- President Putin says it is “effective” and generates “stable immunity”
Russian President Vladimir Putin announced on Tuesday that his daughter has been vaccinated against the coronavirus with a new Russian vaccine, which has already been registered and approved for use. He added that the vaccine will soon be mass-produced and administered to the general public.
Putin said in a meeting with his Cabinet of Ministers, “This morning a vaccine against the new coronavirus was registered for the first time in the world.”
The announcement made by Putin coincides with the deadlines that he has announced since recent weeks, where it was said that the vaccine would be ready for use in August. According to the president, the Russian vaccine is “effective”, it has passed all the necessary tests and it achieves a “stable immunity” against COVID-19.
Putin also said that his own daughter had received the vaccine and he is confident that mass production will start soon so that it can soon be available to all Russians. Last week, the Kremlin pointed to October as a possible start date for a national coronavirus vaccination campaign.
Hours earlier, the head of Epidemiology at the Russian Ministry of Health, Nikolai Briko, had said that “there are no reasons” to postpone the registration of the coronavirus vaccine developed by the NF Gamaleya research centre.
“Perhaps the process has been accelerated by the fact that the vaccine has not been developed by chance,” said Briko, claiming that it is the result of “serious” work.
However, the Russian dash for a vaccine has already raised international concerns that Moscow is cutting corners on testing to score political and propaganda points.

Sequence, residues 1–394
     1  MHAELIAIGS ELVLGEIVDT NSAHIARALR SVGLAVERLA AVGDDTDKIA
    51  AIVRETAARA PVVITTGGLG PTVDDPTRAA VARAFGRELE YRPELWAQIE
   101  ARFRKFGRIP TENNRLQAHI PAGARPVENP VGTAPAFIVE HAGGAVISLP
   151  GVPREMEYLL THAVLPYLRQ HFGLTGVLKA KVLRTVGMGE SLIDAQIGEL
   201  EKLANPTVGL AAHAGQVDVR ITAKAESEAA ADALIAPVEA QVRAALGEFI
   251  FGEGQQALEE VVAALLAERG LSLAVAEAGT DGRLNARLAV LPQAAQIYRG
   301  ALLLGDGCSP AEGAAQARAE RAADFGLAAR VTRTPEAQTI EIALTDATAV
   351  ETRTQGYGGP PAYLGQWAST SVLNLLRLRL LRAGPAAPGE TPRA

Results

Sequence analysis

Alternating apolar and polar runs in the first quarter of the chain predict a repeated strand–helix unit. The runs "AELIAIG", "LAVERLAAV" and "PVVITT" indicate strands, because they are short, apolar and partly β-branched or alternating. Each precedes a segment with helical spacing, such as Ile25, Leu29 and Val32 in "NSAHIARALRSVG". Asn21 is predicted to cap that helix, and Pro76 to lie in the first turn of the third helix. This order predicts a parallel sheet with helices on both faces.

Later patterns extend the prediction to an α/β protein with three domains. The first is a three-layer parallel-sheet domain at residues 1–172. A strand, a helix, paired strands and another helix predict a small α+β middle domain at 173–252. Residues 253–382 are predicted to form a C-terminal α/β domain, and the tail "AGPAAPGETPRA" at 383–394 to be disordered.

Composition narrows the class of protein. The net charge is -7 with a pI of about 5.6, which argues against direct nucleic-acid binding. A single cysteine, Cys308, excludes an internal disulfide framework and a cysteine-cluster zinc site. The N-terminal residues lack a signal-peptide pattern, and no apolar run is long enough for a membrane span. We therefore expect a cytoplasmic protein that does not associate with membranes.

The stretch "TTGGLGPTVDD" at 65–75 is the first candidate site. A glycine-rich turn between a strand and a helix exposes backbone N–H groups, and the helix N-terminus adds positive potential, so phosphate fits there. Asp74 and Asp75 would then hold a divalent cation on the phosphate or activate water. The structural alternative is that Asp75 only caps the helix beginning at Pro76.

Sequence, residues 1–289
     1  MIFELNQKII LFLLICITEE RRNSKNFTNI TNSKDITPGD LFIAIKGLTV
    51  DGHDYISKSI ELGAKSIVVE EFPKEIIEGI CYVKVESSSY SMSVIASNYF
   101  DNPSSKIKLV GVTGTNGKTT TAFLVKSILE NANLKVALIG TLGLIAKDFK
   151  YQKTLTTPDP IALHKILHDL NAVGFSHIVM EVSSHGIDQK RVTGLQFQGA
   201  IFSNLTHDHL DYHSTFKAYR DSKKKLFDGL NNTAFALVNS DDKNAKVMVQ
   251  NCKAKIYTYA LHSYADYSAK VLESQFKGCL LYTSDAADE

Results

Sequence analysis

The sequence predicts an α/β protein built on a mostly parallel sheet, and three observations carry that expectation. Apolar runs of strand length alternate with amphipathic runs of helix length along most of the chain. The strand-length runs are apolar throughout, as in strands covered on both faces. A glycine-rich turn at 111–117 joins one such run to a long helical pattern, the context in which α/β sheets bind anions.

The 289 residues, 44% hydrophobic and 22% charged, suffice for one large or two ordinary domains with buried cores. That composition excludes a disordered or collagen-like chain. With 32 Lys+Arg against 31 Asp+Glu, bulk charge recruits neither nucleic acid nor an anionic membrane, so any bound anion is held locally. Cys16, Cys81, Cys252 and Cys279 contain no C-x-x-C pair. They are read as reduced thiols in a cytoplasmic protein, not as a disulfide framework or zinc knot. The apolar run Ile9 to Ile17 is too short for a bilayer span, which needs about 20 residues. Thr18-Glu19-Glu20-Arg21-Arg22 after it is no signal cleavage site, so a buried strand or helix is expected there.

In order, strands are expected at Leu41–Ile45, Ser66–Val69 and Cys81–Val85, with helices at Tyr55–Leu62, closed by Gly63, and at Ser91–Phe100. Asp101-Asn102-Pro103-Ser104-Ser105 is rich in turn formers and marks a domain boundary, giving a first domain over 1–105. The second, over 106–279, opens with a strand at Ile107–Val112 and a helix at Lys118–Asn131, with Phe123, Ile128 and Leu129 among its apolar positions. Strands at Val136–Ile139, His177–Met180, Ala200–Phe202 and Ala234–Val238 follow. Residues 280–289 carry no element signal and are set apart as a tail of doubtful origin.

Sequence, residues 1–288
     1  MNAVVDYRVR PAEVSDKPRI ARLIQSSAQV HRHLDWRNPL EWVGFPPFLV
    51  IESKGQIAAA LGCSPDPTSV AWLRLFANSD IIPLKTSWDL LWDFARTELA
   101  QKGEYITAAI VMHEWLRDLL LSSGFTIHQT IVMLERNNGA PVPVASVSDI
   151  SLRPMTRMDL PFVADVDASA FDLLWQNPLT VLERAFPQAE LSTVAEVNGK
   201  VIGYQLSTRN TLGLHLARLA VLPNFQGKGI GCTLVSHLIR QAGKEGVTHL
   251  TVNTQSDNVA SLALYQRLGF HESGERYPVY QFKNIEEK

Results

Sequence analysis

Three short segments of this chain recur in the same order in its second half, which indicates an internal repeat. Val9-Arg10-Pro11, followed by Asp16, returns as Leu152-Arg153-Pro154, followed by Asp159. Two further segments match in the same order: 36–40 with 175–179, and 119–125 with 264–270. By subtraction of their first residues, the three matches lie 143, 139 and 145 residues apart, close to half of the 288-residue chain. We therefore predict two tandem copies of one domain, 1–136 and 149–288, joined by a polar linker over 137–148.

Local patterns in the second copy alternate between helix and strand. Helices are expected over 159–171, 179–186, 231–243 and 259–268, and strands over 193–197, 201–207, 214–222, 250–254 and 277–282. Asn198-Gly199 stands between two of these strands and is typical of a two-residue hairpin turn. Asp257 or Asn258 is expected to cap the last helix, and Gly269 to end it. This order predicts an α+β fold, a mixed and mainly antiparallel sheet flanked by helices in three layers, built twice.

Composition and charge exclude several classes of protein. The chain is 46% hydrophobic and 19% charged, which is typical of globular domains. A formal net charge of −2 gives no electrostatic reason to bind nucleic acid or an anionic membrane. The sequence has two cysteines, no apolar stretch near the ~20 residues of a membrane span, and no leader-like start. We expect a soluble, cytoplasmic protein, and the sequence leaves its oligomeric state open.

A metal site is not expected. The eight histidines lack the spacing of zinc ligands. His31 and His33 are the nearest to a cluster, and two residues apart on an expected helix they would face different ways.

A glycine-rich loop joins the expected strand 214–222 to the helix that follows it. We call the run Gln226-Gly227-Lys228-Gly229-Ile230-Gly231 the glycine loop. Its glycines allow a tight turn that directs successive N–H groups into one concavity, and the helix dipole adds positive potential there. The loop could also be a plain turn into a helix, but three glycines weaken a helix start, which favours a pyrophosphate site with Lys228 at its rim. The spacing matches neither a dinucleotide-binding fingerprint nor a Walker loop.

Vaccines are required to go through three stages of human testing before being approved for widespread use. The first two phases test the vaccine on relatively small groups of people to see if it causes harm and if it stimulates the immune system. The last phase, known as Phase 3, compares the vaccine to a placebo in thousands of people.
Experts say that this final phase has not yet been carried out. It is the only way to know with statistical certainty whether a vaccine prevents an infection. And because it’s testing a much larger group of people, a Phase 3 trial can also pick up more subtle side effects of a vaccine that earlier trials could not.
Dr Michael Head Senior Research Fellow in Global Health at Southampton University said that the rush to start using the vaccine before Phase 3 trials – which usually last for months and involve thousands of people – could backfire.
Russia has diagnosed less than 5,000 new cases of coronavirus in the last day, the first time that this figure has fallen below that level since the end of April.
“In the last 24 hours in Russia, 4,945 cases of COVID-19 were confirmed in 84 regions,” the Russian Epidemiology centre has said. To find a similar figure, we must go back to April 23, when 4,774 new positives were diagnosed.
Russia is the fourth most affected country in the world by the pandemic, only behind the United States, Brazil and India.